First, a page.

We're Seeing the Slow Death of Handwriting

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Author Anne Trubeck argues that we'll soon see the end of handwriting, and that we're already preparing for the next stage of evolution in communication.

This story is based off of a radio interview. Click on the 'Listen' button above to hear the audio version.

Nuns and school teachers everywhere are cringing at the grave state of handwriting. Are perfectly looped Gs and right-slanted sentences becoming obsolete?

Anne Trubek, author of "The History and Uncertain Future of Handwriting" seems to think our culture is heading in that direction.

“The digital revolution is both launching us into a no handwriting future, and also sending us backwards in time to when the spoken-word ruled,” she tells Takeaway Host John Hockenberry.

As for handwriting in school, she’s not sure it’s the best use of time.

“I don’t think kids should be assessed on their ability to master cursive,” Trubek says. “It’s not something that they are going to use much in their lives as they grow older. It’s not something most of us adults in their lives today.”

She suggests that schools offer handwriting or cursive as an elective or art class in the future.

But Hockenberry disagrees.

“There is a joy in seeing a child create a sentence with their own hands, for a parent and a teacher and the child that you just can’t duplicate with typing,” he says.

But Trubek argues that content is more important than the medium of the writing itself.

“Focus on how to teach kids to express their ideas,” she said.  “How to organize their thoughts how to make arguments … The forming of the letters are less important. And there are certainly many ways to individualize what you write beyond the way you’ve circled the ‘I’ or crossed your ‘T.’”

Handwriting does not simply have relationship with output, but input as well. There are many studies that show students absorb information better when they pen their notes than when they type them.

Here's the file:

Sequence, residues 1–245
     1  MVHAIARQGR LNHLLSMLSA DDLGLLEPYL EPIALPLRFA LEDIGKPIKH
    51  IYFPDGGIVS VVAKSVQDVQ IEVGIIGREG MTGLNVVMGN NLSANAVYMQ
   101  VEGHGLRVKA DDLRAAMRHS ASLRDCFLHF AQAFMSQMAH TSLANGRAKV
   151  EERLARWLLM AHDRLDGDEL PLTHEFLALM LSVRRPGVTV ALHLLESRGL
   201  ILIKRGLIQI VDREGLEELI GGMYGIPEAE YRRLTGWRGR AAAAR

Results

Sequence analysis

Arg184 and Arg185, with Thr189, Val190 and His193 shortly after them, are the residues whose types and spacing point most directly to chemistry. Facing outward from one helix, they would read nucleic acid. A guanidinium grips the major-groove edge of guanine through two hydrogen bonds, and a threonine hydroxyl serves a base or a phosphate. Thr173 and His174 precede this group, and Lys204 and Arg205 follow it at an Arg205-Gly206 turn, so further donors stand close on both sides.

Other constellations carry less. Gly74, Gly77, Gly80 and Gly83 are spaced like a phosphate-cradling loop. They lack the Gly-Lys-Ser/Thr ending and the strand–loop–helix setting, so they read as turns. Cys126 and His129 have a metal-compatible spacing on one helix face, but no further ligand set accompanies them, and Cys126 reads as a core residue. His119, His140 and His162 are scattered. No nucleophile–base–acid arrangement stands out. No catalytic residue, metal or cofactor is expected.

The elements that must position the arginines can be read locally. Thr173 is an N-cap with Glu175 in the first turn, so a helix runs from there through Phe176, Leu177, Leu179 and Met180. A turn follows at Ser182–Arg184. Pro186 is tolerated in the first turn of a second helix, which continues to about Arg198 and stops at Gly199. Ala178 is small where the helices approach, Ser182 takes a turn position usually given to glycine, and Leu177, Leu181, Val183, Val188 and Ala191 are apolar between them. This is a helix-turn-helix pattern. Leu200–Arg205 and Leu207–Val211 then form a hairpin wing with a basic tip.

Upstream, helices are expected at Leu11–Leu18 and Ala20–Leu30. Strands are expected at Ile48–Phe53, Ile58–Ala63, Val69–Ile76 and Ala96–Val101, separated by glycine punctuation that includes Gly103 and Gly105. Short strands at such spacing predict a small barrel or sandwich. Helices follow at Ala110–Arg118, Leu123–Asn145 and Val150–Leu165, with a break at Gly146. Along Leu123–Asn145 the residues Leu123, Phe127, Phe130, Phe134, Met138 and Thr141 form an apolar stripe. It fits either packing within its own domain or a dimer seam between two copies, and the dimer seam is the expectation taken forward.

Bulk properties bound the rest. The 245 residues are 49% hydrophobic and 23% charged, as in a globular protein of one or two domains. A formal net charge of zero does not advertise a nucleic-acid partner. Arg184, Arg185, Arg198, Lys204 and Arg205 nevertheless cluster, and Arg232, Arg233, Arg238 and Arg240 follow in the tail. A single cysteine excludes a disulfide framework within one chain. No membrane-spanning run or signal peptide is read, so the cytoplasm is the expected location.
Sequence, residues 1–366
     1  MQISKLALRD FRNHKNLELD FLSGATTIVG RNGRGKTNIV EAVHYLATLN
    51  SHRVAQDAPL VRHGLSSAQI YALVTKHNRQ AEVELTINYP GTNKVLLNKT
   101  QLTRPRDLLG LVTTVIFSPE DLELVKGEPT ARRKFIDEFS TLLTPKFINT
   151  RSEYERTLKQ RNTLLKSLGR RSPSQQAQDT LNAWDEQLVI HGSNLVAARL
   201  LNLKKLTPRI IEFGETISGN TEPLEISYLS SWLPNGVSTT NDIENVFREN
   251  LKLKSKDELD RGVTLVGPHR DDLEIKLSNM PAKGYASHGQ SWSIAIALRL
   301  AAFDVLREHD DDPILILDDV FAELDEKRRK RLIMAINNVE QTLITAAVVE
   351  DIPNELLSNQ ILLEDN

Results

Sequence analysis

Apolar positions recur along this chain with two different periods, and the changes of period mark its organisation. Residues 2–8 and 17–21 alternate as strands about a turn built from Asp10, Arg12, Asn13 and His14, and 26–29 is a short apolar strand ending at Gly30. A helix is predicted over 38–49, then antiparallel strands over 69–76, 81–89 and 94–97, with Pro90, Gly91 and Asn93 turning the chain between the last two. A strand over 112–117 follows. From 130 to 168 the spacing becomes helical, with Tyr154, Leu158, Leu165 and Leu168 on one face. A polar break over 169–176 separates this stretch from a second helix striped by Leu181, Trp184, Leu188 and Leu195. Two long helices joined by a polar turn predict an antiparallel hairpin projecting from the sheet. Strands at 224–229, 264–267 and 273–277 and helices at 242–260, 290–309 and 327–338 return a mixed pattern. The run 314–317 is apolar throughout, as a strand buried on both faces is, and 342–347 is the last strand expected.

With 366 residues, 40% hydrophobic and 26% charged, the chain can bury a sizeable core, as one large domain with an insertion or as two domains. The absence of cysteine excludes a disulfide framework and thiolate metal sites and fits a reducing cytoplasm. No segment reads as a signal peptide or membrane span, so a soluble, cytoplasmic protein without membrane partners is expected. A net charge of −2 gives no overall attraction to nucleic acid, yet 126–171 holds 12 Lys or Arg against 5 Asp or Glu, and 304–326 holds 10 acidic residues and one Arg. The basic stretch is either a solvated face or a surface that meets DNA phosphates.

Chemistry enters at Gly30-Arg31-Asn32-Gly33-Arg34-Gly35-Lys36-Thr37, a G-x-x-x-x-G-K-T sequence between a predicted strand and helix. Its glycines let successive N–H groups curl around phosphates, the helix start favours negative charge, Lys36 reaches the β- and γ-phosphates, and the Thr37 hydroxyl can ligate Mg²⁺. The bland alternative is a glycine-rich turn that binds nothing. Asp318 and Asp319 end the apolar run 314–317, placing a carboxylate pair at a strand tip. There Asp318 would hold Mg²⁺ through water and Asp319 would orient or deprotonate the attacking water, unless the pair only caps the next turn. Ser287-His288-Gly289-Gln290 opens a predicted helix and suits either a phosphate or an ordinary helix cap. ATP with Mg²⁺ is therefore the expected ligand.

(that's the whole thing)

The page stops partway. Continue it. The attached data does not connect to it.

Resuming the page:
Pam A. Mueller of the Princeton University and Daniel M. Oppenheimer of the University of California published research in 2014 that found students who took notes on laptops performed worse on conceptual questions than students who took hand-written notes.

The idea is that hand-written note taking is slower, which forces students to focus and recapitulate the core points of the information. Other research links handwriting in early childhood education with later academic success. And some professors and teachers still ban electronic note taking in class.

Laura Dinehart, an associate professor of early childhood education at Florida International University, told our partners at The New York Times, "This myth that handwriting is just a motor skill is just plain wrong."

Dr. Berninger continued: “We use motor parts of our brain, motor planning, motor control, but what’s very critical is a region of our brain where the visual and language come together, the fusiform gyrus, where visual stimuli actually become letters and written words.”  

Related: Paper Vs. Plasma: How the Digital Reading Shift is Impacting Your Brain

Further, more and more states are passing laws that mandate student cursive proficiency — Alabama, California, and Louisiana are among them.

“A lot of people are very adamant about the importance of [handwriting], but at the same time will admit they never handwrite themselves,” Trubek says.

She also believes that people in more oral-based cultures “have much more capacious memories than those of us who live in literate cultures. Just imagine if you could never look anything up, how much more you could retain if you knew you could never just look it up later.”

“Or how empty your head might be if you Google everything all the time,” Hockenberry responded.

So what does handwriting really mean in today’s society?

“For us today, in 21st century America, handwriting represents something individual and unique about a person,” Trubek says. “It hasn’t always meant that in previous times in history, and it won’t always mean that in the future, but right now for us we relate our sense of self to our handwriting.”

Hockenberry and Trubek agree that a written personalized note is often more appreciated than say a text or an email.

Hockenberry recounted a story about his daughter, who needed her passport sent to her while she was away at college. Hockenberry could not resist slipping in a handwritten note that repeatedly said “I love you.”

When his daughter received the package with the penned message, he said “I [received] a picture on my smartphone of it with a bunch of hearts...She was so pleased to receive my dreadful handwritten note.”

He adds: “The value of a personalized typewritten letter and a handwritten letter is extraordinarily valuable, either when I send one or receive one.”

Trubek feels similarly.

“It is the effort that is taken by the writer,” she says. “If I were to write on my computer a long letter, print it out, and then put it in an envelope and write the snail mail address and put a stamp on it and send it through the mail, [that] is meaningful because you’ve taken more time and effort.”

She continues: “And I think a lot of the handwriting we still do today is valuable because people recognize it took more effort to do it because an email is simply easier to do.”